One of the mysteries of the English language finally explained.
An octagonal church spire rising from a square tower without a parapet.
- ‘Towers and slender broach spires dominate the landscapes everywhere, rising as beacons to direct the stranger to some rare village or gracious town built of the same pleasing stone.’
- ‘Though of course Norwich Cathedral spire is a broach spire, built when the Saxo-Norman one fell down in the big fire.’
- ‘This specimen of early 14th century work seems to contain the transition from the broach spire to the embattled one.’
- ‘The earliest part of the church is the west tower with its broach spire which dates from the thirteenth century.’
- ‘The building is visible from all approaches to the town - the 190 foot broach spire dominating the roofline as can be seen in the illustration on the Leighton Buzzard home page.’
- ‘It shows the thirteenth century broach spire to good effect but internal views of Saxon and Norman details in the nave walls and chancel arch were not possible.’
- ‘Evidence is seen today of ancient fragments in the dog-tooth in the tower windows, stones in part of the broach spire, and in the hung canopies of the spire.’
- ‘This Gothic church, built of Vermont granite, originally had a stone broach spire crowned with a finial.’
- ‘The church building is mostly constructed of sandstone, in a Gothic revival style, with a fine broach spire which can be seen from several parts of the city.’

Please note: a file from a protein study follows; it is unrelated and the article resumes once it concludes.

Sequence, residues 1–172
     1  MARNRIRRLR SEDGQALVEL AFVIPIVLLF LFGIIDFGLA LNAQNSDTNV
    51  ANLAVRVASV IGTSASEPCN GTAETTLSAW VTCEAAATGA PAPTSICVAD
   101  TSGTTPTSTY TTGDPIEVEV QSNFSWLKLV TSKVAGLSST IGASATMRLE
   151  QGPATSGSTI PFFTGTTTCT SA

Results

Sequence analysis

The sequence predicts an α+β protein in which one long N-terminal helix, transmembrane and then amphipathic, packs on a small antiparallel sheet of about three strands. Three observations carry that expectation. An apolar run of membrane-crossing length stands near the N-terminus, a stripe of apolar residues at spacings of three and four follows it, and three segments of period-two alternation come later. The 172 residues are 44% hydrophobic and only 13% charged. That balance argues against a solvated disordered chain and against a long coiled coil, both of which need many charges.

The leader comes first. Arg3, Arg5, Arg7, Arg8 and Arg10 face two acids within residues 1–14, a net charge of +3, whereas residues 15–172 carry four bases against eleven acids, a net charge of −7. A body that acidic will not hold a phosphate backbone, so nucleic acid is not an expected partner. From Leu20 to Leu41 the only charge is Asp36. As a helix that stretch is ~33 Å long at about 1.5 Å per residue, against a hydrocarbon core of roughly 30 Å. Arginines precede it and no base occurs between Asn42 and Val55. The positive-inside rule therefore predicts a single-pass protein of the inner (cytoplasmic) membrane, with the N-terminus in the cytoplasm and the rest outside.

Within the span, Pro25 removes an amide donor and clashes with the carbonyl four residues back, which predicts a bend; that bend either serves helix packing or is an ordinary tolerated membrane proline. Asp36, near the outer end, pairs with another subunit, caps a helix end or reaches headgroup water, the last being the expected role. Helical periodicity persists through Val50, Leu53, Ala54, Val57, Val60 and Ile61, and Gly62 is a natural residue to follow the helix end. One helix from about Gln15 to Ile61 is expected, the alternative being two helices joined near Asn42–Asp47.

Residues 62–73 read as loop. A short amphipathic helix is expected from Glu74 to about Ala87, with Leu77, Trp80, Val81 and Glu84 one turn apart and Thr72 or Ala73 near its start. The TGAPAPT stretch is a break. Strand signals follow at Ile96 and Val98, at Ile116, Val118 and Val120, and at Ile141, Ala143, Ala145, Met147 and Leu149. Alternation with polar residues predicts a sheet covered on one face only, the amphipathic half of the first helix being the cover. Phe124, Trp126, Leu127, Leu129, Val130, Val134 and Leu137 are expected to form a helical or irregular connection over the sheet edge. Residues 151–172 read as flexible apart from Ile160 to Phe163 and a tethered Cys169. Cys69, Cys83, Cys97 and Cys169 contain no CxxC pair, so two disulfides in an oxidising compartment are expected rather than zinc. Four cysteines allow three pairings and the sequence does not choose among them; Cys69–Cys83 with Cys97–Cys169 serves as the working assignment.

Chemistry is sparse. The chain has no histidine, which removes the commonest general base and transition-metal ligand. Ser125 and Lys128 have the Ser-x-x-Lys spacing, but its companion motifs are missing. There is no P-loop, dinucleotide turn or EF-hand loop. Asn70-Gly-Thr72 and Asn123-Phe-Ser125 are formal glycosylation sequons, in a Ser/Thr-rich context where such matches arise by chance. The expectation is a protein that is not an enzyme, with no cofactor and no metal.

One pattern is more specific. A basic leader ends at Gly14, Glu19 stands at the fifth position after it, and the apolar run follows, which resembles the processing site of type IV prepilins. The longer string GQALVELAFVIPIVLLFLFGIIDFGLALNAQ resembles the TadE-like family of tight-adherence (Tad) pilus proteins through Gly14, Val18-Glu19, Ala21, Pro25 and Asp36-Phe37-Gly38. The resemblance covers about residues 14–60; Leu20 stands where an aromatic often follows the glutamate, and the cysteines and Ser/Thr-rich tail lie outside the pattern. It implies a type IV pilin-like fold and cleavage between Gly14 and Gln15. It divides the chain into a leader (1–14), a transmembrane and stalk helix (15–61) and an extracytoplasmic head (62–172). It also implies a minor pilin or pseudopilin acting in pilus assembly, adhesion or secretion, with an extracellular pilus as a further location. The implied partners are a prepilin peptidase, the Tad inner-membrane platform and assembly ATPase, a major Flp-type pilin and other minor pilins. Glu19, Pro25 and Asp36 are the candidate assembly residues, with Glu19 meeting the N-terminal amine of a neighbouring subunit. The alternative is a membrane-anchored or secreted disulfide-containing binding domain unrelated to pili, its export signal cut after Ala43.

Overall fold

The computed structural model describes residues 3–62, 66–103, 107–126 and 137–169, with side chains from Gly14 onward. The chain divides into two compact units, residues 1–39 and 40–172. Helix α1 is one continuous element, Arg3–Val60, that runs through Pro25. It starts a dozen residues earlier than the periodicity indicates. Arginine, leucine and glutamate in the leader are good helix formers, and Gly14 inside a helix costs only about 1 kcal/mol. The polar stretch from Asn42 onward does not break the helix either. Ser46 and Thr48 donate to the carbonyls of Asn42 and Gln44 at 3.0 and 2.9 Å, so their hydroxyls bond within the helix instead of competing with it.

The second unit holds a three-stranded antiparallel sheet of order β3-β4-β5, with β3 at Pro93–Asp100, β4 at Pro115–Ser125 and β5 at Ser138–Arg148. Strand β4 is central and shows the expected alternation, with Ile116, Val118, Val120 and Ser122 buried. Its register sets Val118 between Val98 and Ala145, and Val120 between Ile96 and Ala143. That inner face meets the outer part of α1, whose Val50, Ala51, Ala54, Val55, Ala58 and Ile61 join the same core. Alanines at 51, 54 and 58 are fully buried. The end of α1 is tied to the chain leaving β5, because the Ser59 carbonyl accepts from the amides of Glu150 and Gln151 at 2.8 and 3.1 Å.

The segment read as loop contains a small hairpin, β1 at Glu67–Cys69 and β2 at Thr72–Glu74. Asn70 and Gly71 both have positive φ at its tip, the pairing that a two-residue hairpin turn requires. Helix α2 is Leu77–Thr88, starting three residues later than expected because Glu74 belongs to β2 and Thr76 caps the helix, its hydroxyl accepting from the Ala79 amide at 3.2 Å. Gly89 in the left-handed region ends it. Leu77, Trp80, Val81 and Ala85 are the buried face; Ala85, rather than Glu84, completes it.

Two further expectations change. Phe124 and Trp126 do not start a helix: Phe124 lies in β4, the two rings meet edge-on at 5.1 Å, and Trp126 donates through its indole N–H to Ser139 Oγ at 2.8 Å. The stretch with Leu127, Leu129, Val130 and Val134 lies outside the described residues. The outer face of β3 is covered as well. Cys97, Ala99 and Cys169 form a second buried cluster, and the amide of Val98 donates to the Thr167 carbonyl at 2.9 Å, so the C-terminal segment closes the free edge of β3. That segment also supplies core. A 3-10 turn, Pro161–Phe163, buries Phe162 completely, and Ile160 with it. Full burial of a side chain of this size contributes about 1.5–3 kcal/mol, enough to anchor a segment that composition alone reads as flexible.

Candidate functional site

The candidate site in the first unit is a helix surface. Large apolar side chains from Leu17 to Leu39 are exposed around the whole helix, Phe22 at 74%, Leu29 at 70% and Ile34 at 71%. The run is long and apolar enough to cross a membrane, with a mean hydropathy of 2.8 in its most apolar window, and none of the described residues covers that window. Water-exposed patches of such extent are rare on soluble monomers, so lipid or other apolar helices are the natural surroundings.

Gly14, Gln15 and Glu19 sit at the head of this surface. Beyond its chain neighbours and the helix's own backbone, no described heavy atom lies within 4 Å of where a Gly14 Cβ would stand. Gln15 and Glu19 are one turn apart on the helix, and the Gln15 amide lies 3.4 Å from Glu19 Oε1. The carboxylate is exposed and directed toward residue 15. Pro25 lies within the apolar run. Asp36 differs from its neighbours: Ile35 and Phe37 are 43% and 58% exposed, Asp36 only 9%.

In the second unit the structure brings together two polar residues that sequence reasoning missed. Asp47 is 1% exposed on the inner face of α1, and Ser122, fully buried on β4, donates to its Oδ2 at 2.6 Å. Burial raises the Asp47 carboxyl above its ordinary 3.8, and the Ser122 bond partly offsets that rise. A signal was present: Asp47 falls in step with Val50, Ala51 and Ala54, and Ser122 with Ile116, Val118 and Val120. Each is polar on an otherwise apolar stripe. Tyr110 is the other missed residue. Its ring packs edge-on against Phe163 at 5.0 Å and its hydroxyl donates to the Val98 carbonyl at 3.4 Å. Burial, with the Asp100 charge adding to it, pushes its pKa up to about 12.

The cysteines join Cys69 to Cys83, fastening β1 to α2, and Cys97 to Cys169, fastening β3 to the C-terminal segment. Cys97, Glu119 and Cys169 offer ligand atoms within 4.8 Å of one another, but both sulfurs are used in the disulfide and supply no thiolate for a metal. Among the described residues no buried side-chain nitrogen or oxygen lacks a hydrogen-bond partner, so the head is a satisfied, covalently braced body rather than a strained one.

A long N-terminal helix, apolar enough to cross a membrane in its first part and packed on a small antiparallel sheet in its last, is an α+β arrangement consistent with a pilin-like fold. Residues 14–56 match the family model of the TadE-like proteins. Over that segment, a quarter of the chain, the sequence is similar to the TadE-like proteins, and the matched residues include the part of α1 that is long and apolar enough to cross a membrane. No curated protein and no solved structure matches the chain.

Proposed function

- ‘The massing is confident, emphasised by the striking tower with its soaring broach spire, and the stone vaulted interior has a grandeur, which only Pearson could achieve.’
- ‘The church stands 190 feet above sea level, between two seas, where its lovely thirteenth century broach spire, formerly whitewashed, made a landmark for ships in St Ives and Mounts Bays.’
- ‘The tower, of three stages, with an ashlar-covered broach spire and diagonal buttresses, is of the 14th century.’
- ‘To mention just a few of many, Market Harborough church is blessed with a soaring broach spire, and Bottesford, where the first eight Earls of Rutland have their tombs.’
- ‘A major renovation, completed in 1864, included the new chancel, the removal of the castelated belfry, the addition of an octagonal broach spire and an office for the Reverend Macaulay.’
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